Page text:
Hood's heroic huskies
I couldn't resist the alliteration, but the story here is not what Gavin Hood's latest film is, but what it isn't. You'll remember that Hood brought us Tsotsi (Filmstalker review), so the idea that he's going to make a film which sounds like an overly emotionally manipulative Disney film rather than something that had the impact and social awareness of Tsotsi.
The film reminds me of the Disney Paul Walker and Moon BloodGood film, although this one sees the dogs and humans racing to Nome in Alaska with a diphtheria antidote in 1952, a journey of almost seven hundred miles.
It was actually six hundred and seventy-four miles, and twenty men with two hundred dogs travelled the distance to deliver the antidote to the town to quell an outbreak, and during their journey they faced temperatures as low as minus sixty degrees.
The story captured the hearts of Americans and one of the dogs even has a statue in Central Park, New York.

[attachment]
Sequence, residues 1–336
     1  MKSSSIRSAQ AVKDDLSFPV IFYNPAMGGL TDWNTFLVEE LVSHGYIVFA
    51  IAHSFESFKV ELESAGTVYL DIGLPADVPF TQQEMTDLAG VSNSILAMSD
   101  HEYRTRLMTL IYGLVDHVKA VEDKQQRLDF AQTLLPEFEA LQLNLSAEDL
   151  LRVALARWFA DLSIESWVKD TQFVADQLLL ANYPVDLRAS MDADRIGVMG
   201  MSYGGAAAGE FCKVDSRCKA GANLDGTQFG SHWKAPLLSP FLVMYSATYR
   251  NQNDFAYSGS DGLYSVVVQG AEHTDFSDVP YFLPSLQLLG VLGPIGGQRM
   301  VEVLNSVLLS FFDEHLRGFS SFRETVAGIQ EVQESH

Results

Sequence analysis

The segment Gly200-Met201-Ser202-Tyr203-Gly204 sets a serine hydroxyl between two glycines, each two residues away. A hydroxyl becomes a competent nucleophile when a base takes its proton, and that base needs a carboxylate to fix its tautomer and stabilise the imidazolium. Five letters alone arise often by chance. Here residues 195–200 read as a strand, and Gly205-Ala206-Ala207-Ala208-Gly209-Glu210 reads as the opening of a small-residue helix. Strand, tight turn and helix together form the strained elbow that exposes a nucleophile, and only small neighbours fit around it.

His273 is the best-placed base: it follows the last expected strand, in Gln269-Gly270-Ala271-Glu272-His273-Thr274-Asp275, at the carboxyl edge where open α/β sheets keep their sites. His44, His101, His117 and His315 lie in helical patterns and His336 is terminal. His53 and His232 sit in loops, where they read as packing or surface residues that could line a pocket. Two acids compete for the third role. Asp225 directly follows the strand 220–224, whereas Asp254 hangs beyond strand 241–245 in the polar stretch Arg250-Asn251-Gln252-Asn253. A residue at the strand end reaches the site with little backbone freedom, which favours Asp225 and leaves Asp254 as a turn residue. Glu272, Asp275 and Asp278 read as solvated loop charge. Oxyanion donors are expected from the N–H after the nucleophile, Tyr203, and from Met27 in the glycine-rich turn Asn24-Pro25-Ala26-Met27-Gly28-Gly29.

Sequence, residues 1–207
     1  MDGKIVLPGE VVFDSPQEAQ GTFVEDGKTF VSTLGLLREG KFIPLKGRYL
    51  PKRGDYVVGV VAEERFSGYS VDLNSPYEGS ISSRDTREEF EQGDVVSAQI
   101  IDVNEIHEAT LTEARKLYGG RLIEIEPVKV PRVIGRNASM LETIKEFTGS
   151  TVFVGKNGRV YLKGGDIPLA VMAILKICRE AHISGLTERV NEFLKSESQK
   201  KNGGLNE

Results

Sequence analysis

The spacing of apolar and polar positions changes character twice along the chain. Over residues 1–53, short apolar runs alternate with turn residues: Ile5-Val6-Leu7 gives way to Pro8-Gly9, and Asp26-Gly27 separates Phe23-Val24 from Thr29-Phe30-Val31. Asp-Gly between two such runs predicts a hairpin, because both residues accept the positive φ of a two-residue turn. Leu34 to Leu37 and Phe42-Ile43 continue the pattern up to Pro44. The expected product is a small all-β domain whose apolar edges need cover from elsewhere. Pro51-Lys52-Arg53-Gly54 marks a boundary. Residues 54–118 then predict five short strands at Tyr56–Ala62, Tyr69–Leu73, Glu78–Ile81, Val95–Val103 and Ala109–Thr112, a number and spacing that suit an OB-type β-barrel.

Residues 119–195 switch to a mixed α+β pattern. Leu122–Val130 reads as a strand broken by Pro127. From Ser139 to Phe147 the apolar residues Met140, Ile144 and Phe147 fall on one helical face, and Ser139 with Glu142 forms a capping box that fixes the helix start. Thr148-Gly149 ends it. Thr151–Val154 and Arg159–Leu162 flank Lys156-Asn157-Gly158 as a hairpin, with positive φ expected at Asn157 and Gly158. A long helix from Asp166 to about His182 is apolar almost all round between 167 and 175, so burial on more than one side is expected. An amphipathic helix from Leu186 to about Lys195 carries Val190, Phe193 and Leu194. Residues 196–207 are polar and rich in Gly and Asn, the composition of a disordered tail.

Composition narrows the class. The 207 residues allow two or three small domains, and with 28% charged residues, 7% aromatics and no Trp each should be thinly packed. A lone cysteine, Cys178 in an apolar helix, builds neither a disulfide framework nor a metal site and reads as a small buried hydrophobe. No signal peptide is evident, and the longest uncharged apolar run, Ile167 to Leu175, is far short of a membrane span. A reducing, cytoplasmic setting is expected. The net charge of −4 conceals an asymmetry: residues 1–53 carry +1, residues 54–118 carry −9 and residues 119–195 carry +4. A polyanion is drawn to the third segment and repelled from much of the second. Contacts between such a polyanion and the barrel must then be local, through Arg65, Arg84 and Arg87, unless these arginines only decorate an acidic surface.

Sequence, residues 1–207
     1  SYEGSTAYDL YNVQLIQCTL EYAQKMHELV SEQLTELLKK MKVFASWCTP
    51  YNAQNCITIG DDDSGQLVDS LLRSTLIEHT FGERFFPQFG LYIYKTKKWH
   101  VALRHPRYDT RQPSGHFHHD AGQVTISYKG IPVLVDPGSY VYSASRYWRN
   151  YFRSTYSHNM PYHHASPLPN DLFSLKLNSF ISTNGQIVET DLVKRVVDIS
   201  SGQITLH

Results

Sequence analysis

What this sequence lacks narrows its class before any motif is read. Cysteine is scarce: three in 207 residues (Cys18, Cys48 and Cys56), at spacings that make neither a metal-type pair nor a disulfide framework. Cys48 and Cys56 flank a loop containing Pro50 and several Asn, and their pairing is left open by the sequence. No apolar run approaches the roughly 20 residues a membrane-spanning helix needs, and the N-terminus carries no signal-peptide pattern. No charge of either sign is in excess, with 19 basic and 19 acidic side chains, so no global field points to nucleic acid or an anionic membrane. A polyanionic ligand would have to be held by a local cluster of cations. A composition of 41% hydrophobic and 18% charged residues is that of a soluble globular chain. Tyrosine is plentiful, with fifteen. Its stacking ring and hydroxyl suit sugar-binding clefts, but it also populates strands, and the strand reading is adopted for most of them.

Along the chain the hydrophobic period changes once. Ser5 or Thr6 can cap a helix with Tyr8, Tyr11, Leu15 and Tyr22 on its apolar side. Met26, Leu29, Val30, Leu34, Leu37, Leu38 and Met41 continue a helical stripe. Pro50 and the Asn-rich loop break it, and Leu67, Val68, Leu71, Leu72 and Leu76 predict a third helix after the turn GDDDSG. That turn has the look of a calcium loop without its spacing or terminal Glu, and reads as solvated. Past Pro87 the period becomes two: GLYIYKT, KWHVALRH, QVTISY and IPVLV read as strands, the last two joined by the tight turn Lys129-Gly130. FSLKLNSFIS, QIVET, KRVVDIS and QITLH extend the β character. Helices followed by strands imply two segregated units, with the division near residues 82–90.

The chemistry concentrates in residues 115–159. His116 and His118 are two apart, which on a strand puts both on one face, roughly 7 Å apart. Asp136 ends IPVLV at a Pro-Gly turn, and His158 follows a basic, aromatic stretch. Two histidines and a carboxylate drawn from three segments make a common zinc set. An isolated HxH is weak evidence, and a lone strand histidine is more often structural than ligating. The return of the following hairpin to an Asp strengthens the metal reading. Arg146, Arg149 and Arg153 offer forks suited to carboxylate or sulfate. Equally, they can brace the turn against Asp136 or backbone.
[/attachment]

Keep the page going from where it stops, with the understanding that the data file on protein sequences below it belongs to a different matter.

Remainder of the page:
The Hollywood Reporter tells us that Gavin Hood is in negotiations to direct The Cruelest Miles which was adapted by Sean O'Keefe and Will Staples from the novel by Gay and Laney Salisbury, The Cruelest Miles: The Heroic Story of Dogs and Men in a Race Against an Epidemic (Amazon.co.uk / Amazon.com).
However what I'm forgetting about Gavin Hood is that he directed X-Men Origins: Wolverine, a competent film, but not a great one, Tsotsi was by far the superior film. So I guess he could quite easily deliver the Disney type emotionally manipulative film that the studio no doubt wants.
I frankly would hope for something different, something that is more harrowing and realistic, more akin to Touching the Void than anything else.
I do hold out hope that we will see that kind of film and that the studio won't bow to something dripping in sentimentality and brimming with sweetened triumph over adversity.